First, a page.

The Judicial Committee of the Privy Council is a board of the British Privy Council. It was formed in 1833. In 1844, it was given jurisdiction over all of Britain’s colonial courts. People who had been judges in high courts in Britain served on the Judicial Committee, along with a sprinkling of judges from the Commonwealth. Their decisions were often criticized for favouring provincial powers over federal authority, especially in fields such as trade and commerce. The Judicial Committee served as the court of final appeal for Canada until 1949, when that role was given to the Supreme Court of Canada.
When the Supreme Court of Canada was established in 1875, Justice Minister Edward Blake tried to abolish appeals to the Privy Council. This attempt was unsuccessful. Appeals continued from Canada to the Judicial Committee. It was agreed, however, that Canada could choose the category of appeal that could be taken to the Committee. As a result, Canada abolished appeals in criminal cases in 1888.
However, in 1926, the Privy Council ruled that this limitation was invalid; the Canadian law on which it was based conflicted with the 1844 British statute that extended the Judicial Committee’s jurisdiction to Canada.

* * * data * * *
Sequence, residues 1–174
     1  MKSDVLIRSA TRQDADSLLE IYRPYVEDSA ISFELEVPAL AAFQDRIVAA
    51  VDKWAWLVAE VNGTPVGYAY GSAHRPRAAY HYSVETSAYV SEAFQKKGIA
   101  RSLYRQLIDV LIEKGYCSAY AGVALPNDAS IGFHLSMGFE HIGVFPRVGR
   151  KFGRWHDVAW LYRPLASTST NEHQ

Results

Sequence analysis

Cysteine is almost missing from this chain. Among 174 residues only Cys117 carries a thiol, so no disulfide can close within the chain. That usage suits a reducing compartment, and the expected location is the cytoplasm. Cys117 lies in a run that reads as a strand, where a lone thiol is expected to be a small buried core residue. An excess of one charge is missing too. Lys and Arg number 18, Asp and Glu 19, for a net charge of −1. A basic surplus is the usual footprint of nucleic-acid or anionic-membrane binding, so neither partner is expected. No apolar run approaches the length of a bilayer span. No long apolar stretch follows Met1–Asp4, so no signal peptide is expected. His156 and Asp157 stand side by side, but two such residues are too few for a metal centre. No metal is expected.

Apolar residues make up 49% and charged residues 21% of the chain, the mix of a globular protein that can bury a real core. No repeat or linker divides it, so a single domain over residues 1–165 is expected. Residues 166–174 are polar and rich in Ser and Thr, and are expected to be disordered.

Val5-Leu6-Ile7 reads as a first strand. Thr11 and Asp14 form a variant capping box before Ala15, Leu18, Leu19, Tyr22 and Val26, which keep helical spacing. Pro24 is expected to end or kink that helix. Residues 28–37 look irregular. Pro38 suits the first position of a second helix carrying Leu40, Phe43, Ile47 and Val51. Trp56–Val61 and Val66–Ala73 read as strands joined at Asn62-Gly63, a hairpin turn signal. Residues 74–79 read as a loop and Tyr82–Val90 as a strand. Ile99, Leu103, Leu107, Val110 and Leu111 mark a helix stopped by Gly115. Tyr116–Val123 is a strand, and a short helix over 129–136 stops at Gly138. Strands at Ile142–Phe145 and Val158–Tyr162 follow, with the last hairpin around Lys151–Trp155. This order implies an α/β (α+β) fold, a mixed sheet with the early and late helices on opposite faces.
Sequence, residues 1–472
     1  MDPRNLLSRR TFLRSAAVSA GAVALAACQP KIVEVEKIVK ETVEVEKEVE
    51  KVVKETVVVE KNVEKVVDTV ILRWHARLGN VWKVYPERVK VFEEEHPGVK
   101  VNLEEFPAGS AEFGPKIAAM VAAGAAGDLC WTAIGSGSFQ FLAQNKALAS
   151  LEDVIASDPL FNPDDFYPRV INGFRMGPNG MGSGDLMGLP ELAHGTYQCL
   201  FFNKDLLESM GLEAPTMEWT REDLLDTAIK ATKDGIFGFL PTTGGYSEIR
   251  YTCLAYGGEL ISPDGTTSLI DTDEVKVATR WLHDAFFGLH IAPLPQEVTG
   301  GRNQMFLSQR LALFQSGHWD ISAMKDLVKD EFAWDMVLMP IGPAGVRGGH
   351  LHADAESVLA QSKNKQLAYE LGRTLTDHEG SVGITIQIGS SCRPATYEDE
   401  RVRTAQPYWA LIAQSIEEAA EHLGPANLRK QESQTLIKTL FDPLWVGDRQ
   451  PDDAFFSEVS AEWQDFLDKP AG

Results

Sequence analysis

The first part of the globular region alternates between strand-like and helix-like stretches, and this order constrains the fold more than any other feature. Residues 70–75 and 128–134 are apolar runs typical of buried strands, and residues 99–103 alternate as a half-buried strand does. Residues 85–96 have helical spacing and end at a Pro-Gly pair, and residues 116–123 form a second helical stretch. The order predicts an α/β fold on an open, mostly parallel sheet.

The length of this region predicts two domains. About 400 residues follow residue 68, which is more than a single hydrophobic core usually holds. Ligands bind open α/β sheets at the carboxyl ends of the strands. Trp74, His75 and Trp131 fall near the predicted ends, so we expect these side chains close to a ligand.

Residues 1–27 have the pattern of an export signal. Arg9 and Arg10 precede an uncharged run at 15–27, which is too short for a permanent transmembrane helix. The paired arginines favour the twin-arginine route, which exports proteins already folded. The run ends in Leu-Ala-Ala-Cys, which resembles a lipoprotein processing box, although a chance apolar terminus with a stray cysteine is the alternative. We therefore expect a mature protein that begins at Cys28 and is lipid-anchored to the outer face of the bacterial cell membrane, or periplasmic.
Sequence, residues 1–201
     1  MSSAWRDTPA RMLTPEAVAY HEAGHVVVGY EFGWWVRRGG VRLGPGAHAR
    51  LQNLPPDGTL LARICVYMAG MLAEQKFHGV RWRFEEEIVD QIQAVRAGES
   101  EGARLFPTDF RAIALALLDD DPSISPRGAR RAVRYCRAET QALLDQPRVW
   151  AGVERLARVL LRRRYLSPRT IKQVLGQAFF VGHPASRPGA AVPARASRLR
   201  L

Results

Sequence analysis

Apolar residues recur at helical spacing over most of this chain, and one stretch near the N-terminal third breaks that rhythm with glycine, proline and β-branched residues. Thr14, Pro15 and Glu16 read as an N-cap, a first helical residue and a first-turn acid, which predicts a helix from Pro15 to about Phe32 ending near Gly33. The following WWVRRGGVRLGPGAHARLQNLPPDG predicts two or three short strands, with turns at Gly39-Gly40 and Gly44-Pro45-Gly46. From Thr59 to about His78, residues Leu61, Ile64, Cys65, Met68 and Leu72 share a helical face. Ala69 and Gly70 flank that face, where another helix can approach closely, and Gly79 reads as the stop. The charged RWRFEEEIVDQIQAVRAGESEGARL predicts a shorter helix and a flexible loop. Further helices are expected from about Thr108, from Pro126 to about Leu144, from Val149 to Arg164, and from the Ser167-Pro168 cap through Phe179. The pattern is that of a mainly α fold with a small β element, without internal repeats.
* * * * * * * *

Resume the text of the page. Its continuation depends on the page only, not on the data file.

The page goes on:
After the Statute of Westminster (1931)
The Statute of Westminster (1931) gave Canada legislative equality with Britain. It allowed the Canadian Parliament to once again ban criminal appeals to the Judicial Committee. Appeals in civil cases would also have been discontinued. However, the Second World War postponed hearings on the question.
In 1947, the Committee ruled that the Parliament of Canada could abolish appeals in civil cases. In 1949, an amendment to the Supreme Court Act transferred jurisdiction over appeals to the Supreme Court of Canada. (This law was not applied retroactively. As a result, cases that were pending or in process with the Judicial Committee were allowed to proceed. The final decision by the Committee regarding a Canadian case was in 1959.)
The Judicial Committee of the Privy Council gave 173 major judgments on the British North America Act (now called the Constitution Act, 1867). However, Canadian lawyers believed that many of these decisions showed a bias towards provincial powers. They argued that this contradicted the intentions of the Fathers of Confederation, as well as the text of the Act. These judgments greatly curtailed federal jurisdiction in fields such as trade and commerce. They also made the general powers of the Dominion, found in section 91, subordinate to the specific powers laid out in sections 91 and 92.
The Judicial Committee’s decisions to decentralize powers were often expressed in abstract language. The Committee was criticized for being ignorant of the problems of Canadian federalism. In the 20th century, many Canadian lawyers also felt it was demeaning for Canada to have to go outside the country for final decisions with respect to the constitution.
See also: Constitutional History; Constitutional Law; Constitutional Monarchy; Peace, Order and Good Government; Editorial: Statute of Westminster, Canada’s Declaration of Independence; Patriation Reference; Patriation of the Constitution; Constitution Act, 1982; Constitution Act, 1982 Document.